Our friends Dave and Carol Lam took us to Baarle when we were working in the Balkans. We wondered about the possibility of ever being able to draw borders that reflected ethnic realities. Dave said he had something he wanted to show us, the municipality of Baarle in Belgium, or is it the Netherlands? The map of Europe has many geographic anomalies.
But one of the strangest borders runs through Baarle. The town is divided between the countries, Baarle-Nassau is Dutch and Baarle-Hertog is Belgian. The dividing line is anything but straight, or rational. The border was set in the Treaty of Maastricht in 1843 reflecting deals made in the 14th (some sources say the 12th) century between different dukes who needed money to wage war. They sold or pawned parcels of land in this region. The different dukes’ heirs ended up as vassels to different kings so the border became confused. How confused? On the Dutch side of the line there are somewhat more than 20 parcels of land belonging to Belgium, enclaves.
And there are something like 8 parcels of Dutch land surrounded by Belgian land that is surrounded by Dutch land, exclaves. And on the Belgian side of the border there are some parcels of land belonging to the Netherlands. It’s all explained on a map posted at the towns’ borders.
Some buildings are split between countries. On some streets one house will be in Belgium, the next in the Netherlands. Border markings consisting of colored paving stones run down streets. On some streets you can tell what country the house is in by the number plate on the door. Those number plates with Dutch flags are in Netherlands, those with Belgian flags are in Belgium.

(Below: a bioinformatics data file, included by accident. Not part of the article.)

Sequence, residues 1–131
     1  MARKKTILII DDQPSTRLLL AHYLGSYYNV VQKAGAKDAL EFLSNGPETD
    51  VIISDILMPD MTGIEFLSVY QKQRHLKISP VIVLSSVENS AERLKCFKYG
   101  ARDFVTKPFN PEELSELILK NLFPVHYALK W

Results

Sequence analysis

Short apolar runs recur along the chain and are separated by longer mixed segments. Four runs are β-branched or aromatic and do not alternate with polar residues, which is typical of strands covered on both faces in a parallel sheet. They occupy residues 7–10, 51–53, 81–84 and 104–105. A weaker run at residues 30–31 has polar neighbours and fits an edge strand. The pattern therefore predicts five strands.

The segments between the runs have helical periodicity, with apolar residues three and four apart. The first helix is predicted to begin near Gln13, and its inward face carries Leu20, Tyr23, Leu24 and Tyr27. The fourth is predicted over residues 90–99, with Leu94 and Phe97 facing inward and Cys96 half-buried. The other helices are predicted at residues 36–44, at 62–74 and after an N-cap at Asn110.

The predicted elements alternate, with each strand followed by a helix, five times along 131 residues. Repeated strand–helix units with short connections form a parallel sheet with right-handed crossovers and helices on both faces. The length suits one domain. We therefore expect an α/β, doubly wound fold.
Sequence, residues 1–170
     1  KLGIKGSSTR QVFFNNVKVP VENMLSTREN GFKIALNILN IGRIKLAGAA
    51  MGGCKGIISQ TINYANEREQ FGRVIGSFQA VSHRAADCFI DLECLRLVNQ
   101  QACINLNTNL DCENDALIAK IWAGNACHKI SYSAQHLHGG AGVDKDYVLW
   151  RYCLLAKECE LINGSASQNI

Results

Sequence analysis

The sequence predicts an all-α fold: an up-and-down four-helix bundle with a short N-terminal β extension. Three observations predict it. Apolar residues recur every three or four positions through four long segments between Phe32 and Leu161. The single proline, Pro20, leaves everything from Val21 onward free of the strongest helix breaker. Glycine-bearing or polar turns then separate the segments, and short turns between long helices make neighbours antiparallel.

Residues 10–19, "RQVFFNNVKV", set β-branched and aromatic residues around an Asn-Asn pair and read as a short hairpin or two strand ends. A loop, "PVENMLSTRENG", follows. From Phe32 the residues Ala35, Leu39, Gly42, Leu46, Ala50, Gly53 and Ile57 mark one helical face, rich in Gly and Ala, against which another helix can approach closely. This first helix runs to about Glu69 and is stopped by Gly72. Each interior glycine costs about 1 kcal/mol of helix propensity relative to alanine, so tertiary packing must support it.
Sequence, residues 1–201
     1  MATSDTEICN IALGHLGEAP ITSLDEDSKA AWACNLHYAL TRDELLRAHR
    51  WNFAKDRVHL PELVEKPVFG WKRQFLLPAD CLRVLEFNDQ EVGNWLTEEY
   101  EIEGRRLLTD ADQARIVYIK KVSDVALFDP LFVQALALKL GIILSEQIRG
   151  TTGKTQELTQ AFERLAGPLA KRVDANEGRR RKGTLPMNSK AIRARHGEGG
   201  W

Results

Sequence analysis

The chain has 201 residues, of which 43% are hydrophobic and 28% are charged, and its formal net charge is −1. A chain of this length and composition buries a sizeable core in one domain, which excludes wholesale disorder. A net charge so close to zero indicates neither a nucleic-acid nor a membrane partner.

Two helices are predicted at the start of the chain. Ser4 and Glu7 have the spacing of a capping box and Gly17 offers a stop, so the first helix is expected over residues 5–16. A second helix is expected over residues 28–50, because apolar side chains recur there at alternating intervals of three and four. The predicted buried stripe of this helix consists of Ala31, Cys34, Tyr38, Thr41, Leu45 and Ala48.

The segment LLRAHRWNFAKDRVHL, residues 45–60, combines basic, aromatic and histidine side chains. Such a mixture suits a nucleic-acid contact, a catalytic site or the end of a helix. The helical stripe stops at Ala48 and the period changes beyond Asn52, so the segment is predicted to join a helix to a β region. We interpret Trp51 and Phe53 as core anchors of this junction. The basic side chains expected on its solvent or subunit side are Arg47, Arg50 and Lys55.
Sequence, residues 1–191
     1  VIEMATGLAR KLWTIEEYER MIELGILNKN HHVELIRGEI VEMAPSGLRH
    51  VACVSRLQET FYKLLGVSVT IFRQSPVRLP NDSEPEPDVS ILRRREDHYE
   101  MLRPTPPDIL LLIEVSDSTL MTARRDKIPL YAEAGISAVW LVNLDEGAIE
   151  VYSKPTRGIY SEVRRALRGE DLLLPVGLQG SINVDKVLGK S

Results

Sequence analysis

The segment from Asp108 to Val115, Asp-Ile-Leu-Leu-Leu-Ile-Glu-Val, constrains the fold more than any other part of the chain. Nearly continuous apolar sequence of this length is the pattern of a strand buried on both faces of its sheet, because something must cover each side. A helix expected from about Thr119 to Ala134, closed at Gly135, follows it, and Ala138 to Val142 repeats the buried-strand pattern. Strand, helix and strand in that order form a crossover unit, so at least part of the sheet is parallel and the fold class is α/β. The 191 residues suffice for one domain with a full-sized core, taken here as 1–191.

Before the European Union’s common market, the Schengen treaty that opened borders and the common currency the town was a smuggling center, especially cigarettes. There is a story about a bank that could launder funds because, while its vault was in Belgium, the door to the vault was in the Netherlands. Belgian authorities could not get into the vault and while Dutch officials could, if they found things they had no jurisdiction. This sounds, to me, like a tall tale. But then so does the existence of Baarle.
Now the village has a common fire department but kids go to the school in their own country. When we left this border area I did ask Dave if he ever wondered how zoning disputes are settled. If someone extends their deck over a property line does it have to be settled by the two foreign ministries? Could a common building dispute become an international incident that threatens the stability of the EU or NATO? Not so far.
This is a repost from my old website, which, rather than crash just kind of slowly disintegrated. I am reposting it by request. The original post had only my pictures. But in this repost I took a map from Wiki Commons and a couple of pictures of address number plaques to illustrate the text. Zoom in on the map at the top of this post and switch it from satellite to map and you get a pretty good idea of how crazy this border is.